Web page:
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Up Topic The Rybka Lounge / Computer Chess / How to check for checkmate/stalemate programmatically?
- - By Valentin (*) Date 2008-11-22 12:01
Hi.

I have a chessboard represented by byte array of length 64.
I need to check for checkmate/stalemate condition.
All ideas how to do this welcome!
Thanks in advance!
Val.
Parent - - By Vempele (Silver) Date 2008-11-22 12:23 Edited 2008-11-22 12:25
The simplest approach is to generate pseudolegal moves and see if there are any that don't leave you in check after makemove().
Parent - - By Valentin (*) Date 2008-11-22 12:36
    Does pseudolegal mean legal? If so, the idea is sound.

(if there_is_no_legal_moves)&&(my_king_is_under_check) =>player is checkmated
(if there_is_no_legal_moves)&&(my_king_is_not_under_check) => stalemate

The question here is how to implement check there_is_no_legal_moves() function in an effective way.
Checking every piece on board for a move it can make is not effective.
Parent - - By Vempele (Silver) Date 2008-11-22 12:58 Edited 2008-11-22 13:06

> Does pseudolegal mean legal?


Legal unless it leaves the king in check (hence pseudo).

> Checking every piece on board for a move it can make is not effective.


Fine. My engine does it like this:
1. Detect pins by looping over the opponent's slider list (I actually update them incrementally in makemove; it's a bit faster in perft) and disable the pinned pieces.
Now you only need to check king moves and en passant for legality.
2a. If not in check: if a pinned piece can move along its pin ray, it obviously isn't a stalemate.
3a. If not in check, generate the rest of the moves normally.
3b. Else if not in double-check, iterate over the checking ray to see if any of your pieces can block the check or capture the checking piece.
4. Generate king moves, checking whether the destination square is attacked.
4a. If in check, make sure you aren't moving away from a checking slider.

Stop at the first move found, of course.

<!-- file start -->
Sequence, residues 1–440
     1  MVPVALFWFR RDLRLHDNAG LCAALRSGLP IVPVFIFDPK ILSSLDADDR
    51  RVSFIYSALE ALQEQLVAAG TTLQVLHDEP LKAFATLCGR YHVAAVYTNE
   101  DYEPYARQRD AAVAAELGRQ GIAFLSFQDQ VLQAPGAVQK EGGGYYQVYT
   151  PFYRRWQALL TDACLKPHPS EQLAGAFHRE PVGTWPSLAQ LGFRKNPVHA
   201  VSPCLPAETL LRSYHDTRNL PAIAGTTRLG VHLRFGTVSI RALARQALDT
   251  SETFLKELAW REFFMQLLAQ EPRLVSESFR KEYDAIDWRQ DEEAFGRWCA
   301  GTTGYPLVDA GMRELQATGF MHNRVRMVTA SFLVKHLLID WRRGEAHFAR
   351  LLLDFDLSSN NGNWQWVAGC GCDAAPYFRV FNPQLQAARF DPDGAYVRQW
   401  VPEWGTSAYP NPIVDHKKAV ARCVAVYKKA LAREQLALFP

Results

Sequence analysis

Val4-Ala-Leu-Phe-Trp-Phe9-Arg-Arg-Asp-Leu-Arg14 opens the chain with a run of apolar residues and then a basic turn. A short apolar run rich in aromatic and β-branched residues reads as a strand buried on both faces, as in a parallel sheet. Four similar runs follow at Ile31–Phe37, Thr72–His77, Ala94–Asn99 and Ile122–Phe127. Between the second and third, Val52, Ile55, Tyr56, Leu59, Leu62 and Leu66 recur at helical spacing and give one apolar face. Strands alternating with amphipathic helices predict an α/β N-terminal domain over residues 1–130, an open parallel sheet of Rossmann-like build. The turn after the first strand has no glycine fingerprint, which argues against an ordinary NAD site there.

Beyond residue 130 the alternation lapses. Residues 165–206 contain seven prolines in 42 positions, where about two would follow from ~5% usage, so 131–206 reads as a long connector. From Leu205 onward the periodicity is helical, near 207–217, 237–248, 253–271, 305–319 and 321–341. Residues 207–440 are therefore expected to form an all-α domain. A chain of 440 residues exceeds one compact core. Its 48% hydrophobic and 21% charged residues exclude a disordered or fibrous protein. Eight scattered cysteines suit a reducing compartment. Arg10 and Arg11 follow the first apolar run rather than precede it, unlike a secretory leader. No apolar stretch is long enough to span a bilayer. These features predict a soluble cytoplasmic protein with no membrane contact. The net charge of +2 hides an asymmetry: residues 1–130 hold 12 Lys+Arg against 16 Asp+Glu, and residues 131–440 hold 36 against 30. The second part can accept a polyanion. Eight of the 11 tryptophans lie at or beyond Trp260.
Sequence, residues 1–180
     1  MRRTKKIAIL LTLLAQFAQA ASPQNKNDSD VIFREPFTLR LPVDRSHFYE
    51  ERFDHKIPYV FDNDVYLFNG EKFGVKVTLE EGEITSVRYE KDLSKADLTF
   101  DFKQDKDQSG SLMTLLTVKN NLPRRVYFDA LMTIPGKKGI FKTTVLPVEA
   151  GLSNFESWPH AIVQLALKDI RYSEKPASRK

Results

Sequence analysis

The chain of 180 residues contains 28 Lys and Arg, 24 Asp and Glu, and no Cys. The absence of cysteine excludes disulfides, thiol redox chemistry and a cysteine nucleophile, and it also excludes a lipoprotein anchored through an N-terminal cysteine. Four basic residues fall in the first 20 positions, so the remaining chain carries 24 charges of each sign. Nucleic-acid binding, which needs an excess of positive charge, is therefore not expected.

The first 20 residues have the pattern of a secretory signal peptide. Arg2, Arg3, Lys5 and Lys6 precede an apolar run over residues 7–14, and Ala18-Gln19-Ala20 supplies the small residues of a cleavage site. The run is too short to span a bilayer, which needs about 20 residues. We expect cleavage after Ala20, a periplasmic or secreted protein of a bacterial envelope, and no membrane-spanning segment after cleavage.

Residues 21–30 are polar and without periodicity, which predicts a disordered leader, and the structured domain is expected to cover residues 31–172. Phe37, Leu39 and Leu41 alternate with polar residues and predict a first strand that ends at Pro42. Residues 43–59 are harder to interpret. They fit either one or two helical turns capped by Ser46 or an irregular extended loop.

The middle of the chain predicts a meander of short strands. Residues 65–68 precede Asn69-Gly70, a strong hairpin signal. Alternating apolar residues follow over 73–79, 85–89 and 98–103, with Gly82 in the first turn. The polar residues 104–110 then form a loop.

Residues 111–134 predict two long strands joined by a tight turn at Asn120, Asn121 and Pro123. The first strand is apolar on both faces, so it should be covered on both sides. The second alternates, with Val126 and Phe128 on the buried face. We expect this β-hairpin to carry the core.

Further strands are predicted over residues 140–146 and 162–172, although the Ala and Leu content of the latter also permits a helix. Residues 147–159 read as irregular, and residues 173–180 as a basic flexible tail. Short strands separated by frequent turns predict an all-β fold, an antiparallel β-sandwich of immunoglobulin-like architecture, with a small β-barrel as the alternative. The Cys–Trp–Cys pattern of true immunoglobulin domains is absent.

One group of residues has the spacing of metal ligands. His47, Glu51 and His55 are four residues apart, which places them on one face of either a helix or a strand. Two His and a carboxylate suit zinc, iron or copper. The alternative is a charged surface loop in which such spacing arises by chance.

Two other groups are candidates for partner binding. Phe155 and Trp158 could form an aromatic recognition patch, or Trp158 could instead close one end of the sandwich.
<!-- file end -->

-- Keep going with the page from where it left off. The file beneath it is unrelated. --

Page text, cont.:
Alternatively, you could do the pin test for each of your pieces individually; this is probably the fastest way if you don't have pin data handy.
Parent - By Valentin (*) Date 2008-11-22 14:31
Thank you VERY much.
Parent - - By Uly (Gold) Date 2008-11-22 23:28

>> Fine. My engine does it like this:


Vempele, is your engine private?
Parent - - By zwegner (***) Date 2008-11-22 23:43
And is it really named goaT? Also, is it bitboard?
Parent - By Vempele (Silver) Date 2008-11-23 09:35
It's private and 16x14 mailbox.

>And is it really named goaT?


Yes. Its original name was Placeholder, which, I think, proves that I suck at naming things. :)

I'll release it sometime between implementing DTS and coming up with a good parameter for how many search threads to use. I'm currently thinking "Processing power" as a percentage, so that e.g. 1 <thingy> on a quad would be 25%. It'd require some way to detect hyperthreading, though.

Perhaps a logarithmic scale would be better? :-p
Parent - - By h.g.muller (****) Date 2008-11-23 08:22

> Checking every piece on board for a move it can make is not effective.


It is actually more effective than you think, as in almost all positions in a search tree you can stop after the first move of the first piece that you find (after checking it was legal). Because as soon as you have found one legal move, you know it is neither checkmate nor stalemate. Only in the case where you are really stalemated, there is no way to know it without checking every pseudo-legal move of every piece. But this is unavoidable (although a little work can be saved by recognizing pins, and not try moves that stray from the pin line). Fortunately stalemates tend to occur only when you have very few pieces. You could refrain from doing it above a certain number of pieces, without any measurable consequence on the strength of an engine.